New Zealand romp to victory over Italy
October 11, 2003
New Zealand try-scorer Dan Carter breaks clear of the Italy defence
© Getty Images
New Zealand laid down an impressive World Cup marker with an 11-try 70-7 romp over Italy in Melbourne.
The All Blacks made World Cup history to become the first side in World Cup history to claim a bonus point after the introduction of the familiar system for this year's tournament.
From the time Carlos Spencer slotted the first penalty goal just a minute into the match, the gallant Italians had no answer to the might of a New Zealand side that showed it had seemingly limitless attacking options - albeit against an opposition that was seriously outclassed.
The All Blacks looked likely to break through the Italian defence every time they kept the ball in hand, moving it quickly and running strongly in waves.
It was no surprise when lock Brad Thorn became the second ex-league player to cross for a try in two matches - following Wendell Sailor's tournament-opening effort on Friday night - after only 12 minutes of play.
Just minutes later, New Zealand put the ball through even more sets of hands a little wider on the left, this time giving flanker Reuben Thorne a clear path to the tryline to finish off a movement that demonstrated the speed and skill of the pre-tournament favourites.
For the second time, however, Spencer failed to convert the try, this time finding the woodwork, leaving the Kiwis with a 13-0 lead after 15 minutes.
The Italian defence kept working hard, causing a couple of promising All Black attacks to fall down within sight of the line, but ironically it was when the Azzurri launched its best early attack that New Zealand struck its next blow.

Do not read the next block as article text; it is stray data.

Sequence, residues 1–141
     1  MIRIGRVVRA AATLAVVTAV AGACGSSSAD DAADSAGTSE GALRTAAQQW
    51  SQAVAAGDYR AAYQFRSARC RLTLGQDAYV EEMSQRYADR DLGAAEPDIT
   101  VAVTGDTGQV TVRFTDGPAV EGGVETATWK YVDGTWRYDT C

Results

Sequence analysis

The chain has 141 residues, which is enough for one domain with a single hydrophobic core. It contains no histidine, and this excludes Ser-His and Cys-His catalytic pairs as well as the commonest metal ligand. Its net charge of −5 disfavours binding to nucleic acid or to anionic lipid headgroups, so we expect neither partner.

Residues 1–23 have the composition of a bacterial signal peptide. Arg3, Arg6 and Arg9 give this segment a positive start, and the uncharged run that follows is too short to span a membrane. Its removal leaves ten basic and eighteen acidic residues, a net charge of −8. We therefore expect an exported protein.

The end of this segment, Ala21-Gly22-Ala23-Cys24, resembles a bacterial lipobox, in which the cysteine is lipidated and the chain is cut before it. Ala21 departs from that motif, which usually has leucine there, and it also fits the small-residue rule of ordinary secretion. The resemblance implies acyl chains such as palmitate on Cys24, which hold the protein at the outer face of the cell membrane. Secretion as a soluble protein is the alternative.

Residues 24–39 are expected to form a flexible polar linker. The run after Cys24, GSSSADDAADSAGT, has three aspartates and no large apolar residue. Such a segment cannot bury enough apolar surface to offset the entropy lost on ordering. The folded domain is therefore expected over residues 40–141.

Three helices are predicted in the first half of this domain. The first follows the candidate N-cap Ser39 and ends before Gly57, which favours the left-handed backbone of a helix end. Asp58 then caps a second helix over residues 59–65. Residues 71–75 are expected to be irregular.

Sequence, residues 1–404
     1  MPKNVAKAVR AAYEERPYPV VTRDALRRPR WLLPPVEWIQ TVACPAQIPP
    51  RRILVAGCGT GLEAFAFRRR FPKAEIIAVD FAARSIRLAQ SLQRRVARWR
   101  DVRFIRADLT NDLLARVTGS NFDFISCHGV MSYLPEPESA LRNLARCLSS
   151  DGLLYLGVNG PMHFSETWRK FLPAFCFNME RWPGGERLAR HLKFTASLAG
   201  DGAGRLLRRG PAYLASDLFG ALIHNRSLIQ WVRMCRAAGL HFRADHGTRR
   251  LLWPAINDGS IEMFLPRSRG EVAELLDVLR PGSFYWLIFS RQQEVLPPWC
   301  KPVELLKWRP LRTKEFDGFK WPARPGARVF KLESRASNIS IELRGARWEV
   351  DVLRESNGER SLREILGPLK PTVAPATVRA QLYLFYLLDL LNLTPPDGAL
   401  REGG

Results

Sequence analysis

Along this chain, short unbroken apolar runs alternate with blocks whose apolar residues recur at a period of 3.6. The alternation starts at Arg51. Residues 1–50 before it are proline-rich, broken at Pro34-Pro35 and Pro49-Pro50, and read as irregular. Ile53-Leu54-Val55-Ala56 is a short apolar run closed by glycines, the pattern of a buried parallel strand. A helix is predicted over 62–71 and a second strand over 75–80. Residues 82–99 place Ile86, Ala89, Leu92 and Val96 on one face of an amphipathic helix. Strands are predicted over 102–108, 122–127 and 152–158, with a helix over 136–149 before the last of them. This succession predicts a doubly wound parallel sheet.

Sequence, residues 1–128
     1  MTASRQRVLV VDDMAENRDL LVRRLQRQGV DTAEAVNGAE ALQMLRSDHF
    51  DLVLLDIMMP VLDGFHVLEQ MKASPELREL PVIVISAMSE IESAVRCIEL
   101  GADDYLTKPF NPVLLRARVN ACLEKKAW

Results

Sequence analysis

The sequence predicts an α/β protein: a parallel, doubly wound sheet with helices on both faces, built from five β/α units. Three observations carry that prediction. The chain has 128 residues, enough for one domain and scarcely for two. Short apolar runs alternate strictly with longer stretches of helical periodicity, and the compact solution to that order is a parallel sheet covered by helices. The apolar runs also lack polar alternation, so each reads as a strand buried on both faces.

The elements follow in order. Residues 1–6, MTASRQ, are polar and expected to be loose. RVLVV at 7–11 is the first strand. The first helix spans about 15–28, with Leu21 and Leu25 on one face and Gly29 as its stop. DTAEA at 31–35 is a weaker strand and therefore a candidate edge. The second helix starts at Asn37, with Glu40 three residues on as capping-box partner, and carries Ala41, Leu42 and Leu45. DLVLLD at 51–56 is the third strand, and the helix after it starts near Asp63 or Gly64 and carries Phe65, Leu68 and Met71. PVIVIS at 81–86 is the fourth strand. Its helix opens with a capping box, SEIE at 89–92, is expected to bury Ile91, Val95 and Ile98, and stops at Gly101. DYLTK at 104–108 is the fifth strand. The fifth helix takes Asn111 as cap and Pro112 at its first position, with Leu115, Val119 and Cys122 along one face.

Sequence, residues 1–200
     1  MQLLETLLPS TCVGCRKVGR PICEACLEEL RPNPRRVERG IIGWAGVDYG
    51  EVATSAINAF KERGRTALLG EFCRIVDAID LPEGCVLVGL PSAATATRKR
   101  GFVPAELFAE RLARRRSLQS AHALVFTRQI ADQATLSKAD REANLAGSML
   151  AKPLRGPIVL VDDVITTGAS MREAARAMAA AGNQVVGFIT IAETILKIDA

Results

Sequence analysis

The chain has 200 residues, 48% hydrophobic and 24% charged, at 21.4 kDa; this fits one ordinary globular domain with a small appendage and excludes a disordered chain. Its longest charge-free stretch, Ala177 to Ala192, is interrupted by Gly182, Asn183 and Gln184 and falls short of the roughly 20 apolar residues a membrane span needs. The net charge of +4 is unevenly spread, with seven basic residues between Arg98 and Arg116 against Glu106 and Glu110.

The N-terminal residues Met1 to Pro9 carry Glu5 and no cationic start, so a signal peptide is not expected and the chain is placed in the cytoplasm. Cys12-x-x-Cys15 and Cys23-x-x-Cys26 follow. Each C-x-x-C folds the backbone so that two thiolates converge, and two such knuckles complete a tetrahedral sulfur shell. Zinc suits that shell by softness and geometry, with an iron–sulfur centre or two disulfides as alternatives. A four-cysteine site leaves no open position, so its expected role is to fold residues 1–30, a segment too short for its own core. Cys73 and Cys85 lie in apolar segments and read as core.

Dan Carter secured the ball just a couple of metres out from his own line and burst up the middle, eluding three or four would-be tacklers, before offloading to Doug Howlett, who sprinted the final 60 metres to touch down. Carter converted for a 20-0 lead.
Just before half-time another lightning-quick exchange of passes at full pace down the left saw Spencer through to score the All Blacks' fourth try of the game, making them the first team to pick up a World Cup bonus point.
Spencer reclaimed the kicking duties but again failed to convert, this shot drifting across the face of the target to leave the score 25-0 going into the break.
Only two minutes after the resumption, it was business as usual with Howlett finding plenty of space down the left to cross for his second try, which Carter converted.
But the Italians were not to be denied and maintained their attacking approach, pushing forward and keeping control of the ball for lengthy periods.
After twice crossing the tryline only to be held up by the Kiwi defence, former New Zealand Maori Matt Phillips finally got the ball down for a five-pointer, which was converted by Gert Peens to get the Italians on the board, down 32-7.
But that only opened the floodgates at the other end, as first Joe Rokocoko, then Spencer, Justin Marshall, Carter and Rokocoko again crossed in not much more than ten minutes, blowing the scoreline out to 63-7.
Leon MacDonald capped off the try-fest in the shadows of full time, and Carter's sixth successful shot at the extra points was the final action of a match which did nothing to alter the perception that New Zealand has an awesome outfit capable of lifting the Webb Ellis Cup in seven week's time.
But the victory came with a few dark clouds for the All Blacks, with Tana Umaga limping off after hyper-extending his knee just a quarter of an hour in and Rokocoko pulling up with what may have been a calf or hamstring strain after scoring his second try.
New Zealand 70: Tries: Howlett (2), Spencer (2), Rokocoko (2), Thorn, Thorne, Marshall, Carter, MacDonald 1, Conversions: Carter 6, Penalties: Spencer 1
Italy 7: Try: Phillips 1, Conversion: Peens 1, Crowd: 40, 715 at Telstra Dome
The latest Week in Pictures takes in a fiery East Midlands derby and all the action from the Aviva Premiership and Top 14
The rolling maul is becoming an increasingly potent attacking weapon. Conor O'Shea looks at the difficulties of stopping it
The news of James Horwill, Adam Ashley-Cooper and Dan Carter's respective transfers will open the floodgates, writes Tom Hamilton